False choice. It’s the equiv of some Priest claiming you need (his flavor of) God in order for ethics to exist. Society benefits a lot from cooperation, but yes, on some other levels my kids are in competition with all other kids. Cynicism doesn’t instantly lead to bullying.

          Thus far the big complain (school-wise) I get from my kids is in group projects they do all the work while having to share the credit. I sit them down and explain that yes, the other kids are spunging off them. That sucks here and now, but in the long term lacking work ethic, discipline, and laziness become their own punishments.

          The most popular kid my age in my elementary school and middle school was a loser in high school, and we never heard from him after that. No one just wakes up one morning and discovers they’re a doctor or engineer or running a successful business. It takes a lot of work to get to that point.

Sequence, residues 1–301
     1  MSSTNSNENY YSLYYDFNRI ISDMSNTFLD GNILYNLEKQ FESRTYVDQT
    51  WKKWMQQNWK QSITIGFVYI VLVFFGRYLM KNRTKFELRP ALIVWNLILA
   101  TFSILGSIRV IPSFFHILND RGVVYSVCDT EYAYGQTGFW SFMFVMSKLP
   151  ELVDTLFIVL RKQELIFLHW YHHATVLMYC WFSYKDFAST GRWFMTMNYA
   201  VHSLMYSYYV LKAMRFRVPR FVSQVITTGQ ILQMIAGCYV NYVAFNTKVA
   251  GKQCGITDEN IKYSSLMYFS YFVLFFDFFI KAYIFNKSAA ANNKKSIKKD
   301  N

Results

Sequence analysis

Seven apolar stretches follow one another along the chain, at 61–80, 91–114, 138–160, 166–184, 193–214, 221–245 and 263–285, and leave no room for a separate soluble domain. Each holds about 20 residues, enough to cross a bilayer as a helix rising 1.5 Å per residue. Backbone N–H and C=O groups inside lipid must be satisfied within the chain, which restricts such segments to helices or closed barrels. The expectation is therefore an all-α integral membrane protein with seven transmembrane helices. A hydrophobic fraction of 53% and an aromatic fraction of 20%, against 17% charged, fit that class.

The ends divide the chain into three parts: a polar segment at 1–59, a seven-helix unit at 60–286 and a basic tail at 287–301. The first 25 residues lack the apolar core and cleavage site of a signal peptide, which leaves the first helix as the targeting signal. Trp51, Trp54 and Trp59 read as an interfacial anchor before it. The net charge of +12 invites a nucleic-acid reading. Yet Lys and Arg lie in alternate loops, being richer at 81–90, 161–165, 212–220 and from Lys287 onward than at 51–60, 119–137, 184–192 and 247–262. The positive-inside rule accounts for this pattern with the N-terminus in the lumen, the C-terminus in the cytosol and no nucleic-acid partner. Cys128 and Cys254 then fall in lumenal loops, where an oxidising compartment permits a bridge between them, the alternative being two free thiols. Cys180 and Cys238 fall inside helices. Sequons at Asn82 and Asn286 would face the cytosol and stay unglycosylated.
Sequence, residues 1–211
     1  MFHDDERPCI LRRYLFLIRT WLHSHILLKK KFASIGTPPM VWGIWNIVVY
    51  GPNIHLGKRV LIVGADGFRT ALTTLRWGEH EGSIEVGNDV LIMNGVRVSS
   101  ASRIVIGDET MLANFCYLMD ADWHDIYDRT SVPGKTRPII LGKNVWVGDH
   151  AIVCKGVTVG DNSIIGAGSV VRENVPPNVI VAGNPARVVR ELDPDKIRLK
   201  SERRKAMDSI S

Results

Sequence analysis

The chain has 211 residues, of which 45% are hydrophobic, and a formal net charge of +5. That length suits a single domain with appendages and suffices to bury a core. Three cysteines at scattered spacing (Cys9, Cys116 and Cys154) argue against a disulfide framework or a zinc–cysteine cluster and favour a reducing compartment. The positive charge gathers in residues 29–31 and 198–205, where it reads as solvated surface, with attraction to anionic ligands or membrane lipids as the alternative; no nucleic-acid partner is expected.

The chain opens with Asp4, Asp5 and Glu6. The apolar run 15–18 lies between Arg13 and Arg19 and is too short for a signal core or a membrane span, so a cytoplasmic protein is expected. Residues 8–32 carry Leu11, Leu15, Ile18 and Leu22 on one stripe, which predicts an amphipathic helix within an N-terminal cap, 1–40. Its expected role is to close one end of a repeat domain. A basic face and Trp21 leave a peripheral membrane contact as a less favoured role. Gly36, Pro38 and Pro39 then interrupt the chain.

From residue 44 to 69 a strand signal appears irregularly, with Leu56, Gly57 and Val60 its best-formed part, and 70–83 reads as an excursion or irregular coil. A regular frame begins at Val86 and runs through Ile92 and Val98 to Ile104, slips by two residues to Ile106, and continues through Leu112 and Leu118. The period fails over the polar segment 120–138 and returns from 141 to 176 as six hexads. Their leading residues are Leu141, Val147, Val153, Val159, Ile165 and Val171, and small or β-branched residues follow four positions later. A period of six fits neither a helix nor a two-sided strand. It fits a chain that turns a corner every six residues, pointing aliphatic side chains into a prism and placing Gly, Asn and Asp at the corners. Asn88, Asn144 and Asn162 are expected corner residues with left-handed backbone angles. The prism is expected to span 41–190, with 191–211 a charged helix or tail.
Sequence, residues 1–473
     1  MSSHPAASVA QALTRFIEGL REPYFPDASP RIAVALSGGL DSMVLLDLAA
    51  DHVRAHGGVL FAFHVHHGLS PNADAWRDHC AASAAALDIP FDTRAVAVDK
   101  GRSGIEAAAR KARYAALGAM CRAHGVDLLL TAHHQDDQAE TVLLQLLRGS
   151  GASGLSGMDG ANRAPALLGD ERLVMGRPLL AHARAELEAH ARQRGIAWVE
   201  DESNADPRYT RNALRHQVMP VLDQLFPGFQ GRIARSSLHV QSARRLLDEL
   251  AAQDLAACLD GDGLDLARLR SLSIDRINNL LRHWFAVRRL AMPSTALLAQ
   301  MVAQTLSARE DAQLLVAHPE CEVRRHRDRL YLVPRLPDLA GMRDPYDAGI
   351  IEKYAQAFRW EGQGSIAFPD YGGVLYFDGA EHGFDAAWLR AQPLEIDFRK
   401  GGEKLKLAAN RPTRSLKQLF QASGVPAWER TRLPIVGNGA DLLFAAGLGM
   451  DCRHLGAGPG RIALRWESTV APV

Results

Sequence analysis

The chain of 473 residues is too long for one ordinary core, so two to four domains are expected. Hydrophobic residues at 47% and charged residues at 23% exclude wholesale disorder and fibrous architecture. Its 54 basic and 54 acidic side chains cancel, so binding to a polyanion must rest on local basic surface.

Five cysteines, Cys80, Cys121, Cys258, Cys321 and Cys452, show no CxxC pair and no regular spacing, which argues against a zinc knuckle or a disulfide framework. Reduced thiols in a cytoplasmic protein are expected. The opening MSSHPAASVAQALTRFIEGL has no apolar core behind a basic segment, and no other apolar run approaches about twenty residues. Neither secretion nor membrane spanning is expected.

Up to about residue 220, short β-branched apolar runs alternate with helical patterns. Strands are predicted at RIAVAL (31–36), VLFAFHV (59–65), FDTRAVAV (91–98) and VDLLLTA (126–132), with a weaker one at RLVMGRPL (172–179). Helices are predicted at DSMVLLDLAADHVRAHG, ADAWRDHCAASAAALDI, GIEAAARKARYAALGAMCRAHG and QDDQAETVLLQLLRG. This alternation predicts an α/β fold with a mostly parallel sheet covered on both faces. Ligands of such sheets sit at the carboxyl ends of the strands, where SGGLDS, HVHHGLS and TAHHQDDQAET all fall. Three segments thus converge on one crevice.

My kids go to public school, many/most children at that age do dysfunctional things. IMHO it’s appropriate to call that out as problematic. My second daughter is in high school, both she and her best friend want to be doctors. Her friend engages in behavior that’s not optimal for setting herself up for that profession. I think she won’t figure that out for about five more years but my kid sees that right now. It’s not enough to say “I want G”, you also need to say “I’m here at ‘A’, to get to ‘G’ I need to do B,C,D,E, & F.”

          IMHO some of the kids in my girls grade are setting themselves up for failure latter in life. I get that I’m very judgemental, I also get that I’ll be wrong a fair amount. They’ll get their act together at the last minute and do something, or they’ll find some nitch I don’t see. The best paid person from my generation may be a guy who owns his own plumbing outfit and he skipped college to bounce in a strip bar. But him being the best paid of my generation wasn’t the way to bet.Report